This exchange... from both sides it's just SO TYPICAL of the "parenting wars" that go on every day. It is ABSURD how we continue to compare our kids to anyone else's. I just wanted to go after that dad and give him a big hug. For every kid I've ever met that D is more advanced than, I've met at least one or two others that are ahead of her in the curve. It's SO EASY TO GET INTIMIDATED. You think you're doing a good job, that your kid's knowing color words is great, that you have a budding genius on your hands, then you see somebody else's 2 year old reading flash cards and you start to feel like this abject failure as a parent.
GUILTY. GUILTY AS CHARGED. But... [Samuel L Jackson voice] I'M TRYING REAL HARD... to stop all that. The only people who need to be pleased with D's progress are me, Ian, and her doctor. There are too many way more important things to be worried about (like raising a good person) than worrying if she can do long division yet. My friend Katy recently wrote a wonderful post about how happy she is to have an "ordinary" kid and I couldn't agree more. Every time I catch myself worrying about things that don't matter I just remind myself of that week I spent thinking my kid might have cancer. Perspective is so important in parenting. As much as I would never wish that week on ANYBODY, in a way it was a gift to me to always help me remember what really matters as I go on this parenting journey.
Tangent over. The reason for our trip to Animal Kingdom Lodge was to enjoy a special lunch feature they have that allows you to have a private meal with one of their Animal Care specialists while enjoying a tasting menu from Sanaa. It was just one other couple and their two kids plus us and the care specialist. I was slightly concerned that Ian wouldn't dig the food (it's largely Indian influence/Indian fusion, which Ian has never been a fan of), but I knew he'd enjoy himself enough by getting to talk animals the whole time. Animal Kingdom Lodge is a really beautiful facility, Sanaa in particular has wonderful decor and tons of windows for you to be able to look out over one of their "serengetis" where zebras and giraffes wander.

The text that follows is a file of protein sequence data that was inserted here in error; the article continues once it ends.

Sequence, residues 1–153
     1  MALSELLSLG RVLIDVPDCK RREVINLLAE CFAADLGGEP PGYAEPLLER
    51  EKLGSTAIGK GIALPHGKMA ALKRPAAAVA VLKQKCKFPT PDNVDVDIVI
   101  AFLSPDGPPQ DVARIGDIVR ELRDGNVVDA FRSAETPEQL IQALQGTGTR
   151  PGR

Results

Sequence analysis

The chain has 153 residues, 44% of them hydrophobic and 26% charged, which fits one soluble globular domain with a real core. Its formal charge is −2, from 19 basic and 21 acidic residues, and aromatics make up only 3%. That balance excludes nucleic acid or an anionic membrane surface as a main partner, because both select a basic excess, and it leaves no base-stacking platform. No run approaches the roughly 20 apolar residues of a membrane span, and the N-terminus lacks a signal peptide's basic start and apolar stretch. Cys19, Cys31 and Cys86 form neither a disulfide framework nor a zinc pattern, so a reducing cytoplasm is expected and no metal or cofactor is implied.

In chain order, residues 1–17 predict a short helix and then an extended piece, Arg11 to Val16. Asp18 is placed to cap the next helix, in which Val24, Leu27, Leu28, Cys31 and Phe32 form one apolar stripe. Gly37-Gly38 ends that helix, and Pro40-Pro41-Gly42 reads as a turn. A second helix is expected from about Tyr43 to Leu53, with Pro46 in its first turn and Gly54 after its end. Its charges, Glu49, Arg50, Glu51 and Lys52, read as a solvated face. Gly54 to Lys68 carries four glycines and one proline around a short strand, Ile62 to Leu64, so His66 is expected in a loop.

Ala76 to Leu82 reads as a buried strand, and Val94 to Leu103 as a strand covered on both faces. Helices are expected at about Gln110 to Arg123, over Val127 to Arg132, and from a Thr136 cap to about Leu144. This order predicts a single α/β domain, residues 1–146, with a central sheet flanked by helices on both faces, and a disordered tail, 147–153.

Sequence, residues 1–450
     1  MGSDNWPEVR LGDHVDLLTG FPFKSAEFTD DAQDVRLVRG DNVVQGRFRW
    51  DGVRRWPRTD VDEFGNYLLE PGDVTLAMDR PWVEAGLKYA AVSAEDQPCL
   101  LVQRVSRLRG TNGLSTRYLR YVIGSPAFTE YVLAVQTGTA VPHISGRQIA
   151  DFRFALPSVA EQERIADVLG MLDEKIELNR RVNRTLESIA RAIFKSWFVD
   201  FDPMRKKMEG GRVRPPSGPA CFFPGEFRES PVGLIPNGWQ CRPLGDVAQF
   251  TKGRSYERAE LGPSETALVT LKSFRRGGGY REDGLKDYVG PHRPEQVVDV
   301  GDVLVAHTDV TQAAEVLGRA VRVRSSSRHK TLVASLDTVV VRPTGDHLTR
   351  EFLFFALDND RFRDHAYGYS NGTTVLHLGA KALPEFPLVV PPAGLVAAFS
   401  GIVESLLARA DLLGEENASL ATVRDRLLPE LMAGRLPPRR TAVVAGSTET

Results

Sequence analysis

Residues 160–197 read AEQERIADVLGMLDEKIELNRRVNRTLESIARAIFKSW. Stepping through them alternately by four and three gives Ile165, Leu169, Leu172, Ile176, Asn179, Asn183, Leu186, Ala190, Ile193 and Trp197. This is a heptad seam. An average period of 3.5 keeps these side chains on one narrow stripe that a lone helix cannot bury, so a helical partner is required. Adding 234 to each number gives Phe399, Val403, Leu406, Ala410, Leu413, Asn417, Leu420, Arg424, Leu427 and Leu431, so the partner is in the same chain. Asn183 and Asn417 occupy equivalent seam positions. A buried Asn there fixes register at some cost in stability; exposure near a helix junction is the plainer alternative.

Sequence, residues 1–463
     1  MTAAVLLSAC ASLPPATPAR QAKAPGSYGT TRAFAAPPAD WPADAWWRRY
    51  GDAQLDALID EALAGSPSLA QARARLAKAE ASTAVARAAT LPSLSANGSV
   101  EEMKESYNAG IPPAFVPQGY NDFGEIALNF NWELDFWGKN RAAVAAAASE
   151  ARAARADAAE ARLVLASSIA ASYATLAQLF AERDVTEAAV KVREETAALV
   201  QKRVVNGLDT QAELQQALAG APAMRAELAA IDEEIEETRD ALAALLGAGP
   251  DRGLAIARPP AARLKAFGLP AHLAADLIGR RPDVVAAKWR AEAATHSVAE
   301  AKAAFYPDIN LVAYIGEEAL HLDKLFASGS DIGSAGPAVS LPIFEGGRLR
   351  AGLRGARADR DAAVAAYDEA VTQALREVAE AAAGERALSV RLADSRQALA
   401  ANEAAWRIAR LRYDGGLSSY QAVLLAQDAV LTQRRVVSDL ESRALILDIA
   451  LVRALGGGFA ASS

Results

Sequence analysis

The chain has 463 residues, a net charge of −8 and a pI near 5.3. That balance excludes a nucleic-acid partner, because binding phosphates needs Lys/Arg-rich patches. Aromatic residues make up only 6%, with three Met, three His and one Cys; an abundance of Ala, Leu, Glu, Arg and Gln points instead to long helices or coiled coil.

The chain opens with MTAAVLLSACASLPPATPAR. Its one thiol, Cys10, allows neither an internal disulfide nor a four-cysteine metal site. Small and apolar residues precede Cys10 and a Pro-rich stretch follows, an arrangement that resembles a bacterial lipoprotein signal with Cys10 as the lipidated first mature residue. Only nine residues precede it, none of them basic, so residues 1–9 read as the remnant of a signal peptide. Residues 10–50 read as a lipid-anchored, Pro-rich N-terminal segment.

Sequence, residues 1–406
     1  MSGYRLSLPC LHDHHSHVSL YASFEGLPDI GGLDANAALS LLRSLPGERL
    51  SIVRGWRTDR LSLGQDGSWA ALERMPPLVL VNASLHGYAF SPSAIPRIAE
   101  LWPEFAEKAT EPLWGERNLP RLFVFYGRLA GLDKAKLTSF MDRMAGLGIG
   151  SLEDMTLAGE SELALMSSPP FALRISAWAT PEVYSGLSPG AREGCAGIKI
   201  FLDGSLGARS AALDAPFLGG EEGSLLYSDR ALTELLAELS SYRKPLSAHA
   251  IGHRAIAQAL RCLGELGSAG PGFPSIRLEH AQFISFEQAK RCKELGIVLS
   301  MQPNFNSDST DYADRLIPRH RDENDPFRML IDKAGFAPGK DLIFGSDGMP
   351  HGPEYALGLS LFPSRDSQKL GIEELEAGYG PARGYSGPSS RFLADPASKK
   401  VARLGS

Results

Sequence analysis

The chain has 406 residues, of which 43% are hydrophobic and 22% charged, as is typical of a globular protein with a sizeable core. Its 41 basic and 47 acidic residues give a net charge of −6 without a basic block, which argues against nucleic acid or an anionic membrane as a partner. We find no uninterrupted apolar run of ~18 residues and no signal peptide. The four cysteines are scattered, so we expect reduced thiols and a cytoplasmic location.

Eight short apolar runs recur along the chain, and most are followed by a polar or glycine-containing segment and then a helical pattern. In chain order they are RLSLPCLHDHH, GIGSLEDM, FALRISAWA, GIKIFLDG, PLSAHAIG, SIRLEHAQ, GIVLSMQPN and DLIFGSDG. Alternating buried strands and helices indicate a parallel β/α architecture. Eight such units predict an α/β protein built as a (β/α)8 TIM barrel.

Once we were all seated, the chef immediately came out to tell us about the food we'd be eating, where the influences for the flavor profiles come from (I noted he was from Kenya, thanks Disney name tags). D, in a high chair between Ian and I, was NOT on her best behavior. It's not that she was being cranky, but we were facing a relatively new situation: having D be quiet. As I mentioned above, D is in the TALKALLTHETIME phase, so even though we had her comfortably situated with some Gabba, she needed to TALK. LOUDLY. ABOUT EVERYTHING. WHILE THE CHEF WAS TRYING TO TALK and her poor parents desperately tried to get her to shush.
D: MUNO! Me: Yes, Kid, Muno, now shhh the man is talking you need to be quiet. D: GABBAAAA! Me: Yes, Shhh... Please... Please D: TOODEEEEEEEEEE Me: Kill me. Please. Eventually she piped down and settled in to watch her episode, thankfully (?) the chef was pretty long-winded, and though it felt like forever D's outburst probably only lasted the first 30 seconds or so.